Coming off a NYTech Meetup last month, I noticed several great emerging start-ups that caught my eye. A few stood out that will more than likely soon be leveraged for some form of disruptive marketing campaign or digital parallel thinking when creating the next big idea for our clients. Here are four disruptive technologies to be considered:
1. Touché: Mind = Blown when I saw this. It’s a sensing technology that can detect different human gestures through objects. Unlike the Xbox Connect, which senses the motion a person can project, Touché actually tracks interactions with inanimate objects. Why was my mind blown when I saw this? Because when the mad scientist working on the project came out and hooked a wire into the soil of a potted orchid, he turned it into an interactive-desk-plant-therein thing. Once the wire was in the soil, the flower then became a living sensor and depending on the leaf, petal or portion of stem that was touched, the plant would translate what it sensed into a different audio sound. Pretty awesome technique for turning any object into an instrument. In this demo you can see how it works with other more practical objects, like a doorknob.
2. Entrupy: Anybody with a client worried about the counterfeiting of his or her high-ticket items will find this project very interesting. Entrupy takes high-resolution photos of paintings (for the moment they will expand) and can fingerprint the artwork so that it can be verified as the original. It’s the same premise as a human’s fingerprint being completely unique and individualistic. It’s the same for all objects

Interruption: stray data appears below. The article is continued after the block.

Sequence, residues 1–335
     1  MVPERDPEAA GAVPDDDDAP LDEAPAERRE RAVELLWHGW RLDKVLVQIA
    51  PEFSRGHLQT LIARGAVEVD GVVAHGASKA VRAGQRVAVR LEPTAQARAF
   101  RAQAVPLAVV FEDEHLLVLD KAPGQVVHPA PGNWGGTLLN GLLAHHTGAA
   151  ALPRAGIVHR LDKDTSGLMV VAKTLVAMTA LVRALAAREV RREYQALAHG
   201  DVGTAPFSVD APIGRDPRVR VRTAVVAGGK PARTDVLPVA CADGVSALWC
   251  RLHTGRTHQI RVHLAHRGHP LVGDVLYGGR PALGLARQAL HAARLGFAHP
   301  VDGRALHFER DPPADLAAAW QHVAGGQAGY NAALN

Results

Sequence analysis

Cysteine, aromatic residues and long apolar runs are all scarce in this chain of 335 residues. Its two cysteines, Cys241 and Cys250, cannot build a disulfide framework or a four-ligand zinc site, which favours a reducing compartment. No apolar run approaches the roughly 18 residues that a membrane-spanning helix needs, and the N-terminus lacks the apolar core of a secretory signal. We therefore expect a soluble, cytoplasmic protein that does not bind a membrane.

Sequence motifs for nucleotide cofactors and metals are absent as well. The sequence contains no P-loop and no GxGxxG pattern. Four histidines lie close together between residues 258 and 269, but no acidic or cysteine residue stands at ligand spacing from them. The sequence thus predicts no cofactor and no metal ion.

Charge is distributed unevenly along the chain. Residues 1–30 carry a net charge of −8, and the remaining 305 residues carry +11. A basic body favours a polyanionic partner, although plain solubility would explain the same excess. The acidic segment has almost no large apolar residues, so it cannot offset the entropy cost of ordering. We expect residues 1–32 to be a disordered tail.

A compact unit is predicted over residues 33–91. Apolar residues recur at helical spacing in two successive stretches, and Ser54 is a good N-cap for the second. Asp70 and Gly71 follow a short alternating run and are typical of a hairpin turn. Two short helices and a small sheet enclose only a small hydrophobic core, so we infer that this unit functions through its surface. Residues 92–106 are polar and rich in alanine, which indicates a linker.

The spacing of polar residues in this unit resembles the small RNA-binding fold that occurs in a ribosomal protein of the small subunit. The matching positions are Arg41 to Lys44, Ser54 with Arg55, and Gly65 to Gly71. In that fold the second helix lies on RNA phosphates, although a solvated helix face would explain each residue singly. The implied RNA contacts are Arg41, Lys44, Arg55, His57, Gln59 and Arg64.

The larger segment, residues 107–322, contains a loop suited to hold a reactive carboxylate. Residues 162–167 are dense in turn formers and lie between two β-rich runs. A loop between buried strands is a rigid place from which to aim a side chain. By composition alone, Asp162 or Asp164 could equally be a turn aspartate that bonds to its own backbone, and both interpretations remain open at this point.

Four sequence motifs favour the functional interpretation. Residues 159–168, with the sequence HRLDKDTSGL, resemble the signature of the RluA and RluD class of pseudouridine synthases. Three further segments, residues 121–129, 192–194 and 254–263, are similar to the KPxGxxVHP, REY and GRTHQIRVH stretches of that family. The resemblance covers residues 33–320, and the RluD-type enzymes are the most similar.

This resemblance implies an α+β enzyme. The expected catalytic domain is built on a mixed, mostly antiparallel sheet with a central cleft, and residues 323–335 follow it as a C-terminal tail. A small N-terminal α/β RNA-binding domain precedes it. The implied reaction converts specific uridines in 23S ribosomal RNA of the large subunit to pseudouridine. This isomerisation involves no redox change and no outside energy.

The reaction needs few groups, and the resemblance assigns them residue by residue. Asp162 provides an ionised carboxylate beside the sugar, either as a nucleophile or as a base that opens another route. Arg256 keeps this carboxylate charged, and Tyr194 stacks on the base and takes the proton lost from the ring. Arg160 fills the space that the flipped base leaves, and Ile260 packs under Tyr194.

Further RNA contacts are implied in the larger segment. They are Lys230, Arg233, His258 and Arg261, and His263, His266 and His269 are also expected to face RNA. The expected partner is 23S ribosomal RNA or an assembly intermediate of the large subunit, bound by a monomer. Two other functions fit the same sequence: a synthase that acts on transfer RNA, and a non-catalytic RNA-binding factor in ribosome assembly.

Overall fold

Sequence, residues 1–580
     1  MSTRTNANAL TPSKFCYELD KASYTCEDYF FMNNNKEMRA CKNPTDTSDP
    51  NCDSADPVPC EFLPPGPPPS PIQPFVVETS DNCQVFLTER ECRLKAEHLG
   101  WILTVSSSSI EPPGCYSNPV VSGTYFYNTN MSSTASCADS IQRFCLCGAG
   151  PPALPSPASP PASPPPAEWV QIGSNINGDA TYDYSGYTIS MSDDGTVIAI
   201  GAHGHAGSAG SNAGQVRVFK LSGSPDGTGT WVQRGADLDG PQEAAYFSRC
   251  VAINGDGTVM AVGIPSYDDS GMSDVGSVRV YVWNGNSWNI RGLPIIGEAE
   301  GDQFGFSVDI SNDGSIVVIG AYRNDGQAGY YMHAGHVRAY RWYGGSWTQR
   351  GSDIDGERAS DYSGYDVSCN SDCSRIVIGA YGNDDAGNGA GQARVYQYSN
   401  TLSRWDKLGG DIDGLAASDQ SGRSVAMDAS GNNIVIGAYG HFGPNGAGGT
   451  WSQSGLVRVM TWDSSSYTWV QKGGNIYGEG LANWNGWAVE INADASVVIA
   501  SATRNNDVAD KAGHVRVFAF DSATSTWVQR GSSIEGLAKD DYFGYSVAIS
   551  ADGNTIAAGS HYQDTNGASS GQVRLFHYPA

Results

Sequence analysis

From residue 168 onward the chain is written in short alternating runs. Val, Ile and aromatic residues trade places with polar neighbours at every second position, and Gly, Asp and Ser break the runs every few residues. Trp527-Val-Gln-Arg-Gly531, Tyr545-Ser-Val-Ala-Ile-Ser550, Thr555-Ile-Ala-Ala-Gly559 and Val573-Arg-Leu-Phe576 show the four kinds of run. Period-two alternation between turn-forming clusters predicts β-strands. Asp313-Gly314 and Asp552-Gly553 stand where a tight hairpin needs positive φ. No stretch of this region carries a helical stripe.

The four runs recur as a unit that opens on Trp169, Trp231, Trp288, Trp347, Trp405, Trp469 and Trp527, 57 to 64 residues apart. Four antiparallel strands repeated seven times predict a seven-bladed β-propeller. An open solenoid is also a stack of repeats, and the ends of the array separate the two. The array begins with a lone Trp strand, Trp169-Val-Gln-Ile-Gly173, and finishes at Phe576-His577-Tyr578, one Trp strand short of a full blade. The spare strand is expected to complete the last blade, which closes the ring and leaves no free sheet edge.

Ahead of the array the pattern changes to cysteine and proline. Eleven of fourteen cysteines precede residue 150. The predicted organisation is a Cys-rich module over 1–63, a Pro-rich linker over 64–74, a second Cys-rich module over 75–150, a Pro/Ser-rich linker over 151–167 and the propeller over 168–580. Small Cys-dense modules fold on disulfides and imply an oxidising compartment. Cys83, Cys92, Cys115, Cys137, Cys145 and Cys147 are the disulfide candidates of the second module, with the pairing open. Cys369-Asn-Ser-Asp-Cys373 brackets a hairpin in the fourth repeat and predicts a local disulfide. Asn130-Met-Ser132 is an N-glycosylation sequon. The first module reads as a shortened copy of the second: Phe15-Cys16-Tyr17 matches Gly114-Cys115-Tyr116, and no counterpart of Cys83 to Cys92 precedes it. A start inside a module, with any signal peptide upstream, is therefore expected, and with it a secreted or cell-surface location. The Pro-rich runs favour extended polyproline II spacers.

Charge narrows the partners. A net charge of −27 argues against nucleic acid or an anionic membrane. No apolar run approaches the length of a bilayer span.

4. Mahaya: If you’re not signed up for the release of this site, sign up now! The demo of the platform is a very clever aggregator of event content. The folks at Mahaya realized there was no way to see a concert or performance in a good perspective if you missed the event, but they knew there were thousands of people going to these events and doing all kinds of recording and posting it to social spaces.
They’ve aggregated, photos, videos and tweets and put them into a timeline for specific events. One of the coolest features was taking multiple videos posted to YouTube by fans and seamlessly linking them to make one video-viewing experience. This means there are several camera angles from a fan’s perspective without having to click through and load multiple videos. Taking it a step further, Mahaya provided a case study for Hurricane Sandy. It was really interesting to see the reporting of actual people in the situation on a timeline going from grocery shopping, to preparing homes for impact, to power outages, to board games, to candles, to flooding.
All told, a lot of emerging platforms are out there that we as marketers can use to really move out of our comfort zone and surprise our clients and consumers.
Bottom line: Your website should be a reflection of your business growth. It also needs to be nimble, simple and easy to navigate for your audience.